# How does Pr(an event next year) $= 1/100$ imply Pr(at least one of these events occurring in the next 25 years) $> 1/5$?

Please see the embolden phrase below. It appears to equalize, or at least relate, Pr(an event next year) $= 1/100$, with Pr(at least one of these events occurring in the next 25 years) $> 1/5$? But the former is an equality, whilst the latter an inequality?

Turning to other extreme events, we find that there are opportunities for developing long-term contracts that take into account the behavioral biases and heuristics utilized by decision makers. For example, the standard annual bonus system practiced by many organizations could be modified so that bonuses are contingent on multi-year performance. This might induce managers to more systematically consider the potential consequences of their immediate actions over time and to pay more attention to worst-case scenarios rather than hoping that they will not arise by the end of the current year. In the same vein, presenting probabilities of extreme events in the context of a multi-year horizon may lead individuals to pay attention to the resulting outcomes. For example,

rather than providing information in terms of a 1-in- 100 chance of an event occurring next year, one could indicate that the chance of at least one of these events occurring in the next twenty-five years is greater than 1 in 5.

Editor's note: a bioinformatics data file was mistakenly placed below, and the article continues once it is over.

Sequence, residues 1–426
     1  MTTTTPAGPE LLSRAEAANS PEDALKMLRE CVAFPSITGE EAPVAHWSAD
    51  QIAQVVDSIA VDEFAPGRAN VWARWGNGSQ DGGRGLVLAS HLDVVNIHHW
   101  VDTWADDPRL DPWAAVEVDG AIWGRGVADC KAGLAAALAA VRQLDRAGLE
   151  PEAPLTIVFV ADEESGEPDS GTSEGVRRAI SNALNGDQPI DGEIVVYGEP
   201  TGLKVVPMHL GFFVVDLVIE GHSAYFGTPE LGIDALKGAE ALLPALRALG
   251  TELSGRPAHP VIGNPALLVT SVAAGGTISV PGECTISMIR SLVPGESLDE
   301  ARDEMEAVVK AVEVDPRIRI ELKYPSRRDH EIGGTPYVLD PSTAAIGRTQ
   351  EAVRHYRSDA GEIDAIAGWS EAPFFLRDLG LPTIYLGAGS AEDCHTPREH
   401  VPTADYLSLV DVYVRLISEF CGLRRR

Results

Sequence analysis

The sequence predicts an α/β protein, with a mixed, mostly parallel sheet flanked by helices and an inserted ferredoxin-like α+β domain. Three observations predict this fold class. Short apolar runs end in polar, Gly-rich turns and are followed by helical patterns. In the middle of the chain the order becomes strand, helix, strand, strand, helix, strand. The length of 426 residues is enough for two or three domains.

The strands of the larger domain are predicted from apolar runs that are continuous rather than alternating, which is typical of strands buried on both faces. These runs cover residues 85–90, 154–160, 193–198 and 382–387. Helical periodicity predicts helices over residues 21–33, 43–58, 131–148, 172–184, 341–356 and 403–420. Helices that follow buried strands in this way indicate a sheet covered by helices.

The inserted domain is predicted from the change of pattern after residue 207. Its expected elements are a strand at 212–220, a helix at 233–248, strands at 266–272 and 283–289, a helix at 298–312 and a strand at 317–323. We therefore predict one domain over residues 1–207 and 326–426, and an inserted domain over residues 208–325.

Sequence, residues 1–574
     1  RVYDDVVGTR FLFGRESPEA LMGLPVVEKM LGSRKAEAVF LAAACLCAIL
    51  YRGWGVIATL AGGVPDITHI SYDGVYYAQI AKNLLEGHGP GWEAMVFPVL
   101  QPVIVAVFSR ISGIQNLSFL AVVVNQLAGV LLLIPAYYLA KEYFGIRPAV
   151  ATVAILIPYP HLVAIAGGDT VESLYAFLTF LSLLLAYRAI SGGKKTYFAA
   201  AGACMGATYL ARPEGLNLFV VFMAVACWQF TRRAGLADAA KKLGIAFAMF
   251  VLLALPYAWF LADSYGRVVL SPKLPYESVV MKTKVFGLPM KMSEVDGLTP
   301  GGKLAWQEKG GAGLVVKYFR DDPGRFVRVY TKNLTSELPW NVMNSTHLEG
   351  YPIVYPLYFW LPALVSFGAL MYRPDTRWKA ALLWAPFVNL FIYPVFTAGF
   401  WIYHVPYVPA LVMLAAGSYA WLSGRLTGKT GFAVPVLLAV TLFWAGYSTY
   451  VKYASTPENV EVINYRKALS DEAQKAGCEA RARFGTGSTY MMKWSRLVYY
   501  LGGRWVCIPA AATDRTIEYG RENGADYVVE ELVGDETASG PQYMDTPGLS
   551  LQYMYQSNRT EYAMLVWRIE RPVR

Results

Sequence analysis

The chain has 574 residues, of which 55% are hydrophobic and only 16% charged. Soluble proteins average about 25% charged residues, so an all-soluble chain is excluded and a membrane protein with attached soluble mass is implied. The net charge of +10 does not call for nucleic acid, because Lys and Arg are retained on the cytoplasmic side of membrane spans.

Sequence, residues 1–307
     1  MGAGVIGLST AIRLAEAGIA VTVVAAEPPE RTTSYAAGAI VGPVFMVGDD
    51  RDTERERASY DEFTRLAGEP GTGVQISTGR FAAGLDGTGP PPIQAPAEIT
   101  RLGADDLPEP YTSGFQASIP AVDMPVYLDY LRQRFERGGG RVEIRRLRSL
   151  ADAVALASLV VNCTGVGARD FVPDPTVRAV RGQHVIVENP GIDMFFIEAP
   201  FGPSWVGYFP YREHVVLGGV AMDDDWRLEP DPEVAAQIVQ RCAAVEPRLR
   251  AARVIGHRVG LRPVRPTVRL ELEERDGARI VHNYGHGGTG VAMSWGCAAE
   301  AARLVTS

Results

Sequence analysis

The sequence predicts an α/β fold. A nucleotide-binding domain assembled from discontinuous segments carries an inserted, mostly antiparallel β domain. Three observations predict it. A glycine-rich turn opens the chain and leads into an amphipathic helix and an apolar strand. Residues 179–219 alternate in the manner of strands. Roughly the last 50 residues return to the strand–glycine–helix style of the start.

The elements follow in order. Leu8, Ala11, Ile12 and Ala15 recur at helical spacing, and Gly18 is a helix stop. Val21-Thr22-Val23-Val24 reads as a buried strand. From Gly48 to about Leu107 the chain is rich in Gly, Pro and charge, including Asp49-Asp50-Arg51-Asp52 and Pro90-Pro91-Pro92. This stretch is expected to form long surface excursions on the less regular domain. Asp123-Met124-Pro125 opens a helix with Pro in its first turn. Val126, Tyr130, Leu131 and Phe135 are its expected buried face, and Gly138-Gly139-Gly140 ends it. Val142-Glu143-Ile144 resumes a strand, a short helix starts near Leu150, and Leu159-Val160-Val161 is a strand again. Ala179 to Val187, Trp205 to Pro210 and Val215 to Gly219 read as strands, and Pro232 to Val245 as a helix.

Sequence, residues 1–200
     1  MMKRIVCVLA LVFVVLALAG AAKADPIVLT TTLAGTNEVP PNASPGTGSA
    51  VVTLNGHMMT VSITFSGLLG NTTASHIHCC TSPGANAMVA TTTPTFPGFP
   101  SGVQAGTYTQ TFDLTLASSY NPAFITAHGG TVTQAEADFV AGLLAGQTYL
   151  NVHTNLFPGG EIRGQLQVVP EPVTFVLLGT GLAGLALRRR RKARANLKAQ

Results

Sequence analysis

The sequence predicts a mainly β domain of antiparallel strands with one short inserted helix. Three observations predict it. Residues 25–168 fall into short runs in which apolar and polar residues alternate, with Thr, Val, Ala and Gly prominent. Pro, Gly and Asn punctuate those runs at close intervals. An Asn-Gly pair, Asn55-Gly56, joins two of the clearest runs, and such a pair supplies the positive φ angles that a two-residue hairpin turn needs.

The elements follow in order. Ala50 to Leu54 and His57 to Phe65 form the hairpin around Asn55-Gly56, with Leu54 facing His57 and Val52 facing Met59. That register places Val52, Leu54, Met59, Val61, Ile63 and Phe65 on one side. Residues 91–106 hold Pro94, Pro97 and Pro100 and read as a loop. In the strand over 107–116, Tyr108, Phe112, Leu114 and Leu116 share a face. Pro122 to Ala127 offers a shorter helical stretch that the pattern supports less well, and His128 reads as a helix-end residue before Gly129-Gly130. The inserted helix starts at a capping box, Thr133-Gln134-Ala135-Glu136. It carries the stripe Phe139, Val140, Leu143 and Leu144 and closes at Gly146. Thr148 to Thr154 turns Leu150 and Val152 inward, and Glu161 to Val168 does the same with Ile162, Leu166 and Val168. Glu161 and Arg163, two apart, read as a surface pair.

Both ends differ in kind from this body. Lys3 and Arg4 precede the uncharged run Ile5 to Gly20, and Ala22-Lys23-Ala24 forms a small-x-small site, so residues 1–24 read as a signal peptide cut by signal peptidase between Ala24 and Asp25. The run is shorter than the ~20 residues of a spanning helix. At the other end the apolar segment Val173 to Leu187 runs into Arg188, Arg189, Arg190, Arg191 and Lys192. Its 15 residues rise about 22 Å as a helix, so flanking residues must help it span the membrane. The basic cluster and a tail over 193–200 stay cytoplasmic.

Paul Slovic, *The Irrational Economist* (2010), page 271.

## 1 answer

** tldr–** It's a persuasive-writing issue, not a math issue.

If an event has a 1% chance per year, then it has a ${ \left( 1 - 0.01 \right) }^{25} \approx 0.7778 ,$ or ~77.78%, chance of not happening in 25 years, and so a ~22.22% chance of happening at least once in those 25 years.

That's more than one-in-five.

The author seems to argue that such a statistic might be more compelling to an irrational reader (given the book's title).

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